This article originally appeared on Forbes.
If you’re having a bad day, know that things could always be worse: This message could have greeted you when you turned on your computer.
One fateful morning last November, that ransom note showed up on the screens of employees of German plastics manufacturer Kraus Maffei. In March of this year, Arizona Beverages workers received a similar threat. Both companies had been infected with particularly virulent strains of iEncrypt malware, and the attacks crippled systems at both companies for days.
The iEncrypt story is nightmarish: Two successful companies are brought to their knees as malware replicates inside their respective corporate networks. No company deserves what Kraus Maffei and Arizona Beverages went through, and I won’t speculate on what contributed to each company’s vulnerability. But we can learn from these attacks.
In cybersecurity industry parlance, never let a breach go to waste.
Whatever You Do, Don’t Sit Still
Organizational challenges such as institutional ennui or even budget cuts can lead a company to retain outdated, insecure systems, exposing the company to a targeted attack. Especially in light of recent high-profile ransomware attacks, IT leaders must ensure they can protect digital assets and minimize damage if breached. But, too often, companies are slow to keep security standards current to respond to the newest malware threats. Similarly, recovering from an intrusion is difficult when backup systems are untested or improperly set up (imagine trying to put out a fire with a faulty extinguisher).
When it comes to cybersecurity, complacency is toxic. An ingrained culture of “we’ve always done it this way” can obscure threats, mask vulnerabilities and reinforce an aversion to change. The "we’ve always done it this way” disease (call it WADITWay) can manifest itself in a reluctance to let go of old processes, solutions and technologies. WADITWay bias fosters groupthink, which at best can lead an enterprise down the wrong path and at worst can lead to disaster. WADITWay impedes good decision-making, putting enterprise assets, users and resources at unnecessary risk.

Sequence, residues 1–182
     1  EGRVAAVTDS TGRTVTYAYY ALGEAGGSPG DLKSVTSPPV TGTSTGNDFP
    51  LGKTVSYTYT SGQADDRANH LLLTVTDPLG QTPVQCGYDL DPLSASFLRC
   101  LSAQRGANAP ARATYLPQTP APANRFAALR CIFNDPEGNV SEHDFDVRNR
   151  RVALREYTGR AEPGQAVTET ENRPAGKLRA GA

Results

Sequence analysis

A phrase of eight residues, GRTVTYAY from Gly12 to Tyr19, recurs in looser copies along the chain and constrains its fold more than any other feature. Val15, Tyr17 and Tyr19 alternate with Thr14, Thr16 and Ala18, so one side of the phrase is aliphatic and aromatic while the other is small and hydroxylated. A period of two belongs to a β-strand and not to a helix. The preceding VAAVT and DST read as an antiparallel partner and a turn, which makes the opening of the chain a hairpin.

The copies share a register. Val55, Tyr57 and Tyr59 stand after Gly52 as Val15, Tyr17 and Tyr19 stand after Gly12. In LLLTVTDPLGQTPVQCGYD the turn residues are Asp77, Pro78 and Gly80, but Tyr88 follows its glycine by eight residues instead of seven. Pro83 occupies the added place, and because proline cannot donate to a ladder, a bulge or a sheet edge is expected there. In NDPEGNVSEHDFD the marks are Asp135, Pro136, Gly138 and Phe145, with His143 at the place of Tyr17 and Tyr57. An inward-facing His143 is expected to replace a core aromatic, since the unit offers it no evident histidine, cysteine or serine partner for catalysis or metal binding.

Recognizing WADITWay bias is the first step to combating it. It takes many forms (all characterized by an unwillingness to let go of something):
- Attachment to topology: Does the existing network architecture design contribute to threat risk? Are there alternatives that can improve performance?
- Attachment to legacy software and hardware: Are there better solutions out there for your organization? Even technologies that might require investment in IT training?
- Vendor loyalty: Do existing supplier relationships cloud your judgment against consideration of alternative approaches?
- Nothing-happened-yesterday mindset: Does your team settle for “good enough” security? Stagnation is bad, dynamic monitoring is good: What worked yesterday may not work tomorrow.
- Stick-with-what-we-know culture: How does your organization address disconnects between current-state and ideal-future-state IT skill sets? Extant certifications are valuable only as long as the technology remains vital. Otherwise, they’re just sunk costs.
Only You Can Prevent WADITWay
As malware victims will attest, hindsight is (painfully) 20/20. Here’s what IT leaders can do now to attack complacency:
- Build an agile, dynamic cybersecurity culture: Continuous improvement is essential in DevOps and DevSecOps environments. It’s also a mandate for ensuring security best practices.
- Stay current: Regardless of which technologies you employ, ensure that your security is up to date. Proactively blocking an attack is eminently preferable to reacting to one, and that can only happen if your enterprise security can confidently repel any and all known threats.
- Get resilient: Establish recovery workflows to respond fast. If you are hit, how fast can you return to normal operations?
- Establish comprehensive backup processes: Archive data remotely. Backups should be firewalled, redundant, off-site and protected from east-west threats. The schedule should be cadenced. How often? Well, how many days’ worth of data can you afford to lose?
- Reduce the attack surface: Audit your existing network vulnerabilities and then address them.
- Establish default-deny network processes: Start by applying Forrester's Zero-Trust principles and Gartner’s CARTA roadmap as part of your network and security strategies. Gartner recommends phasing in micro-segmentation and then a software-defined perimeter.
- Inspect everything: A default-deny posture works with the dynamic monitoring of all data across the network (and cloud). Ensure your enterprise can inspect (and respond to) all data coming into and going out from your organization—this holds especially true for TLS/SSL-encrypted data.
- Build out defensive isolation capabilities: Effective sandboxing of questionable data and quarantining infected data can minimize attack damage.
- Train your people: Malware triggers are designed to take advantage of end users. Make security training an annual (or even quarterly) requirement for all employees. If you can prevent just one employee from clicking on a questionable link in an email, it will have been worth it.
Some will say believing we can block every attack is naïve—it’s not. We must put up a better fight against the bad actors who threaten us. That starts with eradicating WADITWay disease, and it ends with an enterprise cybersecurity culture that acknowledges “good enough” is never good enough.
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Jay Chaudhry is the CEO and Co-Founder of Zscaler